In all your considerations as to how and when you convey the message to your children, family and friends, it is certainly also advisable to consider how you will inform the children’s school.
School will be a very important place for the children in the coming period. Grief will invariably be experienced there, but it will also be an environment that will have the least changes for them. All the more reason to keep the school carefully informed as to the many changes at home.
The first individuals to inform are, of course, the teachers of your children’s class. Ideally, an appointment should be made with both parents so that all teachers involved are informed in one sitting as to what is going to happen and how future arrangements are likely to be made.
Sometimes the school has a teacher who has been trained in this area and perhaps can be present in such a conversation or can inform you separately as to how the school will deal with your situation. The school counselor or the school social worker can also play a defined role in your relationship with the school. It is up to you to determine whether the meeting at school comes before or after you have spoken to the children. It is important for the children to know when you will speak to their teachers. Let them know that they can speak about their situation at school and make an arrangement with them as to how and when their classmates will be informed.
For children in high school, it is just as important that you inform the school at the right time and in the right manner. Usually the child’s mentor would be the person to inform. If it is not possible to meet at the school together, then come to an agreement as to who will be attending. Perhaps it is only possible to announce the impending divorce by letter or email, but this is still preferable to a quick conversation at 8.30 am at the school door.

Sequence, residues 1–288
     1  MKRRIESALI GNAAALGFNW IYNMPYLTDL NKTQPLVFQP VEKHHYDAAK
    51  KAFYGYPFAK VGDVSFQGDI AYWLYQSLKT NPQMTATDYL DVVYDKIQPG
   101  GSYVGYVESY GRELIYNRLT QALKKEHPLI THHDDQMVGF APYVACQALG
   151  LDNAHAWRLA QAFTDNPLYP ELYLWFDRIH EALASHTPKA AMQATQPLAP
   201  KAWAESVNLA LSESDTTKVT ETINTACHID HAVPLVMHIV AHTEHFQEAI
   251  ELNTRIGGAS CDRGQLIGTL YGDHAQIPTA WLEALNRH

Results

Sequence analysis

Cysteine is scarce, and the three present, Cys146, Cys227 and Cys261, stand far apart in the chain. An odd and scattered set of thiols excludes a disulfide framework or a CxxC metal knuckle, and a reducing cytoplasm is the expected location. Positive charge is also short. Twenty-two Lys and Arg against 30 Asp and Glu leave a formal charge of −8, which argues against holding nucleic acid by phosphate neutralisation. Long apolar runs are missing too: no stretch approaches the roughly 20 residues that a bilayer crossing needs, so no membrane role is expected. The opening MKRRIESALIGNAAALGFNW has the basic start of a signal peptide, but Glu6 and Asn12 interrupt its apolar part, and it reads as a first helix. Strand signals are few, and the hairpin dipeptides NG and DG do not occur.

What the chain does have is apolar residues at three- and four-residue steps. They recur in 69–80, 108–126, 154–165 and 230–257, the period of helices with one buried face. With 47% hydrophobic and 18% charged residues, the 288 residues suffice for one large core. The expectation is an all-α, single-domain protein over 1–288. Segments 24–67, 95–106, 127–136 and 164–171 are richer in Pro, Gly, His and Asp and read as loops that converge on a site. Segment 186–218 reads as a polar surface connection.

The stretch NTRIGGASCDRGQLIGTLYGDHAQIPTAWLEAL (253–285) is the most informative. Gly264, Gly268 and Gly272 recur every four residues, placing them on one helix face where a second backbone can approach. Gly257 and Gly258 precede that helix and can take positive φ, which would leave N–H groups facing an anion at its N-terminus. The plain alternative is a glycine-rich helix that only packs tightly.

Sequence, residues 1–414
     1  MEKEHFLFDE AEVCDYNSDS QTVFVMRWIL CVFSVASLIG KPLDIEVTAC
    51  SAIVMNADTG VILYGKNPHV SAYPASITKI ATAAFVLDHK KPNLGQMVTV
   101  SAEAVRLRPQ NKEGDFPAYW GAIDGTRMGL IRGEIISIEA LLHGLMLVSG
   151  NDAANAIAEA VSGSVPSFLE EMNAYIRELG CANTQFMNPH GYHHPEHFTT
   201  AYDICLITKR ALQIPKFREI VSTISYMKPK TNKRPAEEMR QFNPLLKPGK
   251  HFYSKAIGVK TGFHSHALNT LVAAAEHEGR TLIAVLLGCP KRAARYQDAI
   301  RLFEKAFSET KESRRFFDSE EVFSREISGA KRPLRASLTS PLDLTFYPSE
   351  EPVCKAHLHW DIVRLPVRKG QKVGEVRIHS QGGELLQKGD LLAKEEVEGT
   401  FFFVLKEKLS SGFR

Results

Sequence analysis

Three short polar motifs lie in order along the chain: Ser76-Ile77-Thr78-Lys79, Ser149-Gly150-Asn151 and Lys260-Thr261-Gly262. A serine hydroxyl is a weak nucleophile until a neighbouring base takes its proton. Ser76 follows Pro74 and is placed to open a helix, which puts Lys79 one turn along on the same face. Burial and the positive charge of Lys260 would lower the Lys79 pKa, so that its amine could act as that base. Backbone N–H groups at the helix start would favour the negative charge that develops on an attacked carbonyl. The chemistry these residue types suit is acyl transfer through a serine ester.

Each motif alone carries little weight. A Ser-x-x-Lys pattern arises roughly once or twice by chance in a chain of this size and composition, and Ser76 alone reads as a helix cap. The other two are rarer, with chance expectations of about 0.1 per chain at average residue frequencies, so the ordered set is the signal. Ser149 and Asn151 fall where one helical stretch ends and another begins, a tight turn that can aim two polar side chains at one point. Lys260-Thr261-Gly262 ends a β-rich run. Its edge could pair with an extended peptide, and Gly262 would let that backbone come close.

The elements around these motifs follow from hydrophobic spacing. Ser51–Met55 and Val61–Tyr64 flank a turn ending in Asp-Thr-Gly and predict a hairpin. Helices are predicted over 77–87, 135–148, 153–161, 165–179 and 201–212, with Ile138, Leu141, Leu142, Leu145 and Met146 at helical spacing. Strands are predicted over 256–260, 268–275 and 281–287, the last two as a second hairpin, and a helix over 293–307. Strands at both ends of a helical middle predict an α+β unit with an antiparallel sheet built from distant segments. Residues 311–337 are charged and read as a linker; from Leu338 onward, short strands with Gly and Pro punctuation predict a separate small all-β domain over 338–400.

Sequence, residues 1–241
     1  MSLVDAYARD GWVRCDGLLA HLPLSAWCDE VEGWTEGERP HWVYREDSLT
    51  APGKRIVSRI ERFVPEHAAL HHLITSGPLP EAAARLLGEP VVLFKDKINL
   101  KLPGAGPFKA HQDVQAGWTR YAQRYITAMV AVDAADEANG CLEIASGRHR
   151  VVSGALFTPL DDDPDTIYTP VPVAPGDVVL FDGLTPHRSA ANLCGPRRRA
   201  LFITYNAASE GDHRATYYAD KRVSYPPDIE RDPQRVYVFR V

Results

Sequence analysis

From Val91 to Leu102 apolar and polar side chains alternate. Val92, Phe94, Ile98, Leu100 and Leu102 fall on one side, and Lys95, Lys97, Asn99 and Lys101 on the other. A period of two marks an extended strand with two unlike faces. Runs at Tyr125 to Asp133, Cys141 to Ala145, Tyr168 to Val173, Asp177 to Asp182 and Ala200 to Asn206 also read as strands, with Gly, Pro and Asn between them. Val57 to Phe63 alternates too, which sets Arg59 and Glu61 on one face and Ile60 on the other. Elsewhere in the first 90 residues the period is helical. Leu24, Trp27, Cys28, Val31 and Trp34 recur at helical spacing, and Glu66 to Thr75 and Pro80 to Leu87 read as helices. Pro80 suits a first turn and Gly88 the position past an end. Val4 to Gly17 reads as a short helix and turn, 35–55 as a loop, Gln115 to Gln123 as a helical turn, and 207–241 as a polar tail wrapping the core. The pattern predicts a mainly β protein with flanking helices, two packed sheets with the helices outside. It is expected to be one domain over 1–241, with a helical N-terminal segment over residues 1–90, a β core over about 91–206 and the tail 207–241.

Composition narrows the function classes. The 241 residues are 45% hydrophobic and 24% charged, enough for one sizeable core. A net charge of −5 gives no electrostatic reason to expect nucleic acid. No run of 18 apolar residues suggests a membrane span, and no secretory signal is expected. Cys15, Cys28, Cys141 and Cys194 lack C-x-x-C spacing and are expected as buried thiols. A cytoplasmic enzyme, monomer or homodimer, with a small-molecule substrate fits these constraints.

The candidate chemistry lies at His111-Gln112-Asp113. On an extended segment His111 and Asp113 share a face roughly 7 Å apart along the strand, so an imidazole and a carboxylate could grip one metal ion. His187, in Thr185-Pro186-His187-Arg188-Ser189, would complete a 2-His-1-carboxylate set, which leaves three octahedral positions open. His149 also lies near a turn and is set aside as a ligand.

Depending on your specific relationship with the school and teachers, there are a number of issues that the school will need to know. Firstly, the school must know whether the children are informed of the situation and to what extent. Are they aware of all the details of the coming period and what can or cannot be discussed between the teacher and the children. It is also very important that the teacher is informed as to how the children have responded to the news if they have been told. If they have not yet been told, then let the school know when this will occur and how the children will then experience their next school day. The school will need to know the details of how the short term future of the children will be arranged. What is the home situation? Who will the children stay with and on what days? What are the arrangements on the changeover days? Are specific arrangements needed, for example, with before or after school care.
It goes without saying that you need to pass on any changes in the arrangements to the school in good time. In due course, the school may ask for insight into the parental plan or may use a special form to make an inventory of the home situation of children in a divorce situation.
The school will need to know where you can both be reached and in which way you want to be informed by the school on school matters. In all cases, the school should stand alongside the parents as well as the children as an invested party. It’s great when the school communicates what they expect from you and what you can expect from the school.